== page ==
This idea and movement continues to morph and take on more forms, one of my favourite being that many cafes that you go to now have a system where you can pay for two coffees instead of one, which means that homeless or otherwise disadvantaged people in the area know they can always get a hot cup of coffee from these businesses.
I also love the idea of a karma Cafe. What this means is you can come in and pay for the next person’s meal and coffee so every time anyone eats there they’re being paid for by other people, it feels almost like a gift.
There are a few places in my city called Lentil as Anything. There are a couple of basic principles that they hold which borrow from the pay it forward movement. First of all there are no prices on the menu, which means if you are in need of a hot meal or a drink you can come in here anytime and be looked after, regardless of if you can pay or not. What this means for everyone else however is that they can decide to pay extra to cover the cost for the people who perhaps don’t have enough money to pay.
The best thing about these places however is that you have the option to volunteer to work for this cafe, so regardless of whether you can or can’t pay for your meal, you can also help in other ways.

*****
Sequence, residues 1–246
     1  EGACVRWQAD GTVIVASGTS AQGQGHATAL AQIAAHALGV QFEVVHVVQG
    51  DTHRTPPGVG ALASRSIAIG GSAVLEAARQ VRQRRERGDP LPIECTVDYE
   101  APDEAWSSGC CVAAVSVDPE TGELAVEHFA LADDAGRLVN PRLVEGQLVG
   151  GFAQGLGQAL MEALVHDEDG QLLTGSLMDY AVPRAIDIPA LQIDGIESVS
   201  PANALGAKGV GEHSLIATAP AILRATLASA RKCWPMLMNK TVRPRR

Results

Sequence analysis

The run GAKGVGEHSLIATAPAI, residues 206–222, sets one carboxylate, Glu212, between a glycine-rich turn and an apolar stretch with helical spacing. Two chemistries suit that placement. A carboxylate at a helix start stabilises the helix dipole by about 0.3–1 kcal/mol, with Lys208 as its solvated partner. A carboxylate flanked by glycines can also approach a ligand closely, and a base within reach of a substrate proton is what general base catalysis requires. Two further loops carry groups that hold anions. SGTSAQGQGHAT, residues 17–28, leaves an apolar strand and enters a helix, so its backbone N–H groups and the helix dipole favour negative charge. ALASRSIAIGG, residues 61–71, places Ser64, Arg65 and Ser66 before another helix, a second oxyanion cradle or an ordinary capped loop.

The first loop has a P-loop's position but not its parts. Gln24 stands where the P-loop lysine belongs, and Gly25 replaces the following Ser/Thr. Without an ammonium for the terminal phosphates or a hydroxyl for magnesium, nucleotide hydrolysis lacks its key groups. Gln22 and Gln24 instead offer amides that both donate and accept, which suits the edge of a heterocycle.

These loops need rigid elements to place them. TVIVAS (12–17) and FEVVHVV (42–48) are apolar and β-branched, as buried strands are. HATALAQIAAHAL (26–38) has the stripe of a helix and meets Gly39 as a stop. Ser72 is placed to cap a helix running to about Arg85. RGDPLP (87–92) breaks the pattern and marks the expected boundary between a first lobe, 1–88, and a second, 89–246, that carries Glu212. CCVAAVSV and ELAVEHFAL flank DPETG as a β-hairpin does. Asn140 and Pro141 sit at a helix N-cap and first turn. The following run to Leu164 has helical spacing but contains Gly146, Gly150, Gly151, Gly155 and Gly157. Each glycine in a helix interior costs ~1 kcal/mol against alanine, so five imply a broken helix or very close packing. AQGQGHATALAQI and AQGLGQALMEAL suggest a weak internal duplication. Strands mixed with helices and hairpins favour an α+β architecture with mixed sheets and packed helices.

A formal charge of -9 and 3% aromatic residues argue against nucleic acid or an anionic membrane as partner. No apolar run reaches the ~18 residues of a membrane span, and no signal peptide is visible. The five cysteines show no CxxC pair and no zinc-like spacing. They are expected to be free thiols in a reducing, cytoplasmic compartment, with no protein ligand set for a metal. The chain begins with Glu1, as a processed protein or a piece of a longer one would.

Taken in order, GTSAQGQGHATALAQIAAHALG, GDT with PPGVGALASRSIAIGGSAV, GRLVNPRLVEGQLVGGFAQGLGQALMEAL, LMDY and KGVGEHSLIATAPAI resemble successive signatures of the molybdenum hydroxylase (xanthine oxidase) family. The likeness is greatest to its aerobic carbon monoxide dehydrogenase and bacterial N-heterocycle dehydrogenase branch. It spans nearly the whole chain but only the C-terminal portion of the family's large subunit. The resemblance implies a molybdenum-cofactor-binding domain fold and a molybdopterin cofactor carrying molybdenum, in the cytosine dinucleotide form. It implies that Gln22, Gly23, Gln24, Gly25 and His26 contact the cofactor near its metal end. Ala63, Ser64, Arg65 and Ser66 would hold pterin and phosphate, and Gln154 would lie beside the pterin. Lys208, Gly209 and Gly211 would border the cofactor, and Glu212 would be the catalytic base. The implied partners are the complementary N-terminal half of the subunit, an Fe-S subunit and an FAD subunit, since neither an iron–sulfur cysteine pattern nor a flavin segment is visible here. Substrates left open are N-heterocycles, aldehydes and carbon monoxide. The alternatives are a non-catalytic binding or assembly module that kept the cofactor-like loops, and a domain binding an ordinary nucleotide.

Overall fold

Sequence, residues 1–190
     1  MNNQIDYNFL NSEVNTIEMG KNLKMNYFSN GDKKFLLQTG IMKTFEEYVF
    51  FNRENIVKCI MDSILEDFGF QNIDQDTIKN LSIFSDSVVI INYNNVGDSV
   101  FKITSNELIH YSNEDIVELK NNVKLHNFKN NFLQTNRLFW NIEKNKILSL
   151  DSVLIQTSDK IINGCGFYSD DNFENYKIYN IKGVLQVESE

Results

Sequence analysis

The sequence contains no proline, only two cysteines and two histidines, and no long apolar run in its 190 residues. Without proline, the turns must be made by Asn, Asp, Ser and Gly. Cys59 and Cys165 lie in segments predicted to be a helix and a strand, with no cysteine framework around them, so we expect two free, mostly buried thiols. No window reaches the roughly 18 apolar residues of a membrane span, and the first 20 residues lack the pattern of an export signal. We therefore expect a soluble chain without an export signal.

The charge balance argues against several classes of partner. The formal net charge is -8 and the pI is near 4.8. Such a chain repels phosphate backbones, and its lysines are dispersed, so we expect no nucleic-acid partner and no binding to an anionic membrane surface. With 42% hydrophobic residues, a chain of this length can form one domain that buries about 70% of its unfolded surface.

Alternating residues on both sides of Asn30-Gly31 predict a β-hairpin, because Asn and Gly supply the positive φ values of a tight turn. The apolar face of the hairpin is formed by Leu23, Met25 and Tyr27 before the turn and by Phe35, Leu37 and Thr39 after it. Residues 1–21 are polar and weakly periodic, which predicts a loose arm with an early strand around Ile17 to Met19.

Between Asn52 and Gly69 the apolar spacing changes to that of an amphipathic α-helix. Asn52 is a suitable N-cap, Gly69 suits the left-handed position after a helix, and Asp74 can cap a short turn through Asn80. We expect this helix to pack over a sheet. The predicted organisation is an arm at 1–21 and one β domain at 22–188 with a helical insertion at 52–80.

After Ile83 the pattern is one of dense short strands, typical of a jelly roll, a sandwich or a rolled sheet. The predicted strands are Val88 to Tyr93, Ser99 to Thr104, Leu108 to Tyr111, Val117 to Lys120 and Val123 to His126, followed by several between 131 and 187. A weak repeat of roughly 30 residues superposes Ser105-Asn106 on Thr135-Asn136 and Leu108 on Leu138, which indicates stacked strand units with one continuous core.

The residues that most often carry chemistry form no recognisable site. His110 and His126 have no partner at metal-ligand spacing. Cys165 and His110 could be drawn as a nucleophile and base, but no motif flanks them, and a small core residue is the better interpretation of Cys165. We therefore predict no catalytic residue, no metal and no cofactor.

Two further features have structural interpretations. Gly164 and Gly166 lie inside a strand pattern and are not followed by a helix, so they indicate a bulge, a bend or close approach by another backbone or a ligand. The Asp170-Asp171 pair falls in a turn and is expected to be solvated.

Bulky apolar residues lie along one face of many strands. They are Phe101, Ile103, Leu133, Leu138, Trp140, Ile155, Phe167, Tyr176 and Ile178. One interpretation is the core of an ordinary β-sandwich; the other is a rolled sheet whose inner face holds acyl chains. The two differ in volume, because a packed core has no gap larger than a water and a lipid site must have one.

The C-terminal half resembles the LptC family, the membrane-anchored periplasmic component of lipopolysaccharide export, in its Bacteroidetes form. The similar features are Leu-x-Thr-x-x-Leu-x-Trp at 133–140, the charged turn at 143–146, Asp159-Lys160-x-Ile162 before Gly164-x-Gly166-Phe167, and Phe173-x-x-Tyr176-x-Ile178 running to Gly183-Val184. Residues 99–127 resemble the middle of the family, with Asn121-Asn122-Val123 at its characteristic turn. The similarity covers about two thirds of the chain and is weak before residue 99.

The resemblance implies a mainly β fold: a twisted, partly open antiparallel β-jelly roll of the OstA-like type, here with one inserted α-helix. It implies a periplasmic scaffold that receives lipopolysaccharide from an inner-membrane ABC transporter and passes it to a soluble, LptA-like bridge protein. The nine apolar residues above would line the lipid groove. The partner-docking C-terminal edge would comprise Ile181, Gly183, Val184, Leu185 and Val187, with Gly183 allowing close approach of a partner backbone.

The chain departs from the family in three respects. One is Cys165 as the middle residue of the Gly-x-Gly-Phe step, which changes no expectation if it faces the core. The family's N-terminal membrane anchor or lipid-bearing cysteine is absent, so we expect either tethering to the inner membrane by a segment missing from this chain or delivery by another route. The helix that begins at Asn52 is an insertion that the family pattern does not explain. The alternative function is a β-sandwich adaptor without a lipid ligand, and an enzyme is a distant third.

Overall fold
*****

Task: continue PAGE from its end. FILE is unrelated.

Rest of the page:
One of the ideas I really love is the idea of kindness card. My lovely Mum always has a stash of these handy and all you have to do is when an opportunity comes up to do a random act of kindness make sure that the person who was receiving the act of kindness will get one of these cards. On these cards is an explanation saying that they have received an act of kindness from a random stranger and all they have to do is hang on to the card until they have an opportunity to do the same for someone else.
There is such a warm fuzzy feeling that you get from having a random act of kindness done for you, whether from a stranger or someone you know.
In 2014 a woman went through the drive-thru at her local Starbucks in Saint Petersburg Florida and not only paid for her own coffee but also a cup of coffee for the person in the car behind her. What I’m sure she didn’t know is that the person behind her would feel so moved that they would go on to do the same thing for the person in the car behind them, and so on and so forth, so that this chain of kindness and paying it forward would last for around 11 hours and include around 377 coffees.